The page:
Bio firms short on venture capital

Study of biotechs in Md. puts amount at up to $100 million

February 02, 2002|By Bill Atkinson | Bill Atkinson,SUN STAFF

Private venture capital funds are not providing enough money to support Maryland's rapidly growing biotechnology industry, according to a study released yesterday by the Maryland Department of Business and Economic Development and two other organizations.

The study found that the state's biotechnology industry has a "venture capital funding gap" of $50 million to $100 million annually.

Maryland also ranks 12th out of a dozen states in private venture capital financing relative to the number of biotechnology firms in each state.

The state's biotechnology industry has grown quickly in recent years, and ranks as the third largest in the nation behind California and Massachusetts.

"Maryland has created a vibrant and positive environment for the biosciences industry. There is more that can be done to nourish this industry, particularly in the private sector," said David S. Iannucci, secretary of the state's Department of Business and Economic Development.

The study recommends a number of ways to spur investment in biotechnology companies including:

The creation of a new state-supported bioscience venture capital fund.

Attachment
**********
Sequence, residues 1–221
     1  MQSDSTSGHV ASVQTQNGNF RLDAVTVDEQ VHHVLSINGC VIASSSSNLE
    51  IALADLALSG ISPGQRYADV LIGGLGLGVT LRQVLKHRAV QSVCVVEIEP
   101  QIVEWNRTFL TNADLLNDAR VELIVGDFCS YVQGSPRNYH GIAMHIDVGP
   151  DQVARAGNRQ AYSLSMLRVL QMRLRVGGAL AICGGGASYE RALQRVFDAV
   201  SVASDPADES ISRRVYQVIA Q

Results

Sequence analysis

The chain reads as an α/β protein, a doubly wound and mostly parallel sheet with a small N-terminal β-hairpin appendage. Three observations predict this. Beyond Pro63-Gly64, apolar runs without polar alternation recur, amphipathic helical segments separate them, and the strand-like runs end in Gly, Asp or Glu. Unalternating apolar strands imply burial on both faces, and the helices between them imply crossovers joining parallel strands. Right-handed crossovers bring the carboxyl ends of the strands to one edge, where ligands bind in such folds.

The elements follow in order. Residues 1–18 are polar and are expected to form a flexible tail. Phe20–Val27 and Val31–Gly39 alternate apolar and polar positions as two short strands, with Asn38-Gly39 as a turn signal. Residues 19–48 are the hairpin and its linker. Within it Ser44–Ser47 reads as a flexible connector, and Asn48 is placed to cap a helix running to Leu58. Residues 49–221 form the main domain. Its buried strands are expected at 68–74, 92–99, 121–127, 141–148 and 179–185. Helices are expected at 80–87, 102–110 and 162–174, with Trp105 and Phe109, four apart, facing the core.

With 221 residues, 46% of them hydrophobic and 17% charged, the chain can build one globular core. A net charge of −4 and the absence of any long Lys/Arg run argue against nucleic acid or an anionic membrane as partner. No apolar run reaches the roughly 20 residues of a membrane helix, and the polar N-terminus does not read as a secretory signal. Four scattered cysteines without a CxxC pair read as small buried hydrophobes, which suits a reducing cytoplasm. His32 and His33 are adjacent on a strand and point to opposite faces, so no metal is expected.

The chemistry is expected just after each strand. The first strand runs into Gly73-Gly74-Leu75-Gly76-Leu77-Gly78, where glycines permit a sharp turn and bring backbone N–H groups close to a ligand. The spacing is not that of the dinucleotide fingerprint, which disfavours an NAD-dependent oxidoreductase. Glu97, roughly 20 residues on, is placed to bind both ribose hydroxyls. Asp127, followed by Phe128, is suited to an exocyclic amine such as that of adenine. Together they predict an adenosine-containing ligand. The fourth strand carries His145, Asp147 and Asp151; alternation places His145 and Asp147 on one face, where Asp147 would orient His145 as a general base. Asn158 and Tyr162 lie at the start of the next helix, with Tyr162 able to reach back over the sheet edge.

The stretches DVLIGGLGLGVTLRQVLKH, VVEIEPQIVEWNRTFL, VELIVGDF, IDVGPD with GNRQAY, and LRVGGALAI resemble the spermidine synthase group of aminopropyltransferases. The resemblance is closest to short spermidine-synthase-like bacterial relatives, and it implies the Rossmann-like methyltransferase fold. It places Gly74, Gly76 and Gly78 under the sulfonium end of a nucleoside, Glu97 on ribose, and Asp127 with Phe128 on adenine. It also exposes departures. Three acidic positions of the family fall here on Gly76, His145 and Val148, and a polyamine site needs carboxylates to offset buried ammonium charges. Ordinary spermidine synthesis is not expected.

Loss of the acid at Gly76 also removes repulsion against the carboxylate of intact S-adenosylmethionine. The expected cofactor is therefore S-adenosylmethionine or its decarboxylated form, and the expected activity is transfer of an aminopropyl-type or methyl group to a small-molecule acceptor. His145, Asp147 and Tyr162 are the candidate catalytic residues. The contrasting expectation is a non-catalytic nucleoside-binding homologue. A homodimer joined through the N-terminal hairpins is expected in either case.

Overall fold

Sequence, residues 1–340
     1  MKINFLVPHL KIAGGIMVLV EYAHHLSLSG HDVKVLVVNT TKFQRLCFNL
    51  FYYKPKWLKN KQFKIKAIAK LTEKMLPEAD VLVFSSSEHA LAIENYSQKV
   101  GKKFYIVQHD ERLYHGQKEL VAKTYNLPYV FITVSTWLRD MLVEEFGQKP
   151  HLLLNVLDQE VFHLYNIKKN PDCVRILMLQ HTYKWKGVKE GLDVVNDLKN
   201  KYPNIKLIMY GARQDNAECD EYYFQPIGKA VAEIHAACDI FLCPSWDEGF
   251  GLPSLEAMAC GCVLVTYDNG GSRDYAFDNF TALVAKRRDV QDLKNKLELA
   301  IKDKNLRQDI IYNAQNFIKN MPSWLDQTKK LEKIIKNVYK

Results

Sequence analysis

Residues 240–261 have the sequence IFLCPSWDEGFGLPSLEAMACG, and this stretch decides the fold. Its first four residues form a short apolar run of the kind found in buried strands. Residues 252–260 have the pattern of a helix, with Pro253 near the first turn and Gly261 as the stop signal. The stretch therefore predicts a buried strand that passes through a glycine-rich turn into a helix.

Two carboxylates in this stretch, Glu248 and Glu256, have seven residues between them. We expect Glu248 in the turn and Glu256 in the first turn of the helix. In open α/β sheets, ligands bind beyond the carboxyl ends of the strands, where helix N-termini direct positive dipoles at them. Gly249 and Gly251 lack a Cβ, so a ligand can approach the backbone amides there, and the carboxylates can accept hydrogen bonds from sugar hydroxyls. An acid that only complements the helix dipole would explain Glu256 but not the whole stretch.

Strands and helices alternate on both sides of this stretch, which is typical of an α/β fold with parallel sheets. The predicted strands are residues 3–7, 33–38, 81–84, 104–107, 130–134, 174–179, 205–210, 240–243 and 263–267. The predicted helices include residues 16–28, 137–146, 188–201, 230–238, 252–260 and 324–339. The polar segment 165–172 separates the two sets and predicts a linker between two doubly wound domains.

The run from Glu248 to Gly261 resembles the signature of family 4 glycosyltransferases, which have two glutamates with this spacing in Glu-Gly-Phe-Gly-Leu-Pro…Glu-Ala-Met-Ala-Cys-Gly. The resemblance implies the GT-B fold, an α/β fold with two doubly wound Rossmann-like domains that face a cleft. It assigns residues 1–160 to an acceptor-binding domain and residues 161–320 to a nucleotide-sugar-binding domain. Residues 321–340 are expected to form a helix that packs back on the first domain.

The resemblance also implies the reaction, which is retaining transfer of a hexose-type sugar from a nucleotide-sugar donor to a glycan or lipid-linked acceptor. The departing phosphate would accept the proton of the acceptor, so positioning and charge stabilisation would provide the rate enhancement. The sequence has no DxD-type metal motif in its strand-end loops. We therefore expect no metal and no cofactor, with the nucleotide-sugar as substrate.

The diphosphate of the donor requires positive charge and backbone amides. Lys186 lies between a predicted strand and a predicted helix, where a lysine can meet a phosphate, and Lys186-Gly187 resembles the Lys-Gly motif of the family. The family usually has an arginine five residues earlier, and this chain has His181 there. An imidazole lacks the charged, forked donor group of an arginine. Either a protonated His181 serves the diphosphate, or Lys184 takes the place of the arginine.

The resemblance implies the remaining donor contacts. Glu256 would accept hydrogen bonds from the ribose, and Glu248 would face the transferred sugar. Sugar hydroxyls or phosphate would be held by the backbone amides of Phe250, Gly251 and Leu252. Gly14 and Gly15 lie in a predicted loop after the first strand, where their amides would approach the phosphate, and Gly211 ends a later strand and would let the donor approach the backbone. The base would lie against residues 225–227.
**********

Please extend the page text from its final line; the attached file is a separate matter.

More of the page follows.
Using money from settlements of lawsuits against tobacco companies.

Using a greater share of money managed by the state pension system.

"There is absolutely room in a $30 billion pension fund to have a small percentage dedicated to venture investments," Iannucci said. "We would encourage the Maryland pension trustees to take a very careful and healthy look" at the proposal.

He said the recommendations are "all things that should be debated in the months ahead. None of them are the answers themselves."

The study by accounting firm Ernst & Young LLP was requested by the General Assembly. It was financed by Iannucci's department; MdBio Inc., a private firm that works closely with biotechnology companies; and the Maryland Technology Development Corp., a state entity that helps get technological advances developed by university researchers into the marketplace.

About 330 biotechnology companies are based in Maryland and they employ about 40,000 people. The state has invested more than $566 million in technology based economic development programs and infrastructure since 1991.

Iannucci said there are more than 40 biotechnology companies in Maryland that have a product at some stage of development, and the state should find ways to keep those companies in Maryland as they grow, he said.

"That is where access to private venture capital will be crucial to keeping those 40 companies."

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